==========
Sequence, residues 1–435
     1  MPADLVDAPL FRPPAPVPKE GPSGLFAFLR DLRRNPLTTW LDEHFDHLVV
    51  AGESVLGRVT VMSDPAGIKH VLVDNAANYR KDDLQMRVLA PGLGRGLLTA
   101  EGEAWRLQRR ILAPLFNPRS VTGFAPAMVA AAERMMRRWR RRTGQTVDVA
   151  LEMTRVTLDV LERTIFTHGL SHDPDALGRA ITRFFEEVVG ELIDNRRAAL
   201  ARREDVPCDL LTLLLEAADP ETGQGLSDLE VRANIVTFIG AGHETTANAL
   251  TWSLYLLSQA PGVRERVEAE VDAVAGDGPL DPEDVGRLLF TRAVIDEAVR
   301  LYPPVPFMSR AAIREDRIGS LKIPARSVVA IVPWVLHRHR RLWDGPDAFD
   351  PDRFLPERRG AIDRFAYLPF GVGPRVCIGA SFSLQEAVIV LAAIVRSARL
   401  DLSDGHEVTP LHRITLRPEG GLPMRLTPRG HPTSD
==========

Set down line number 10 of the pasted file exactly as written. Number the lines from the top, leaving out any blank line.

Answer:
   401  DLSDGHEVTP LHRITLRPEG GLPMRLTPRG HPTSD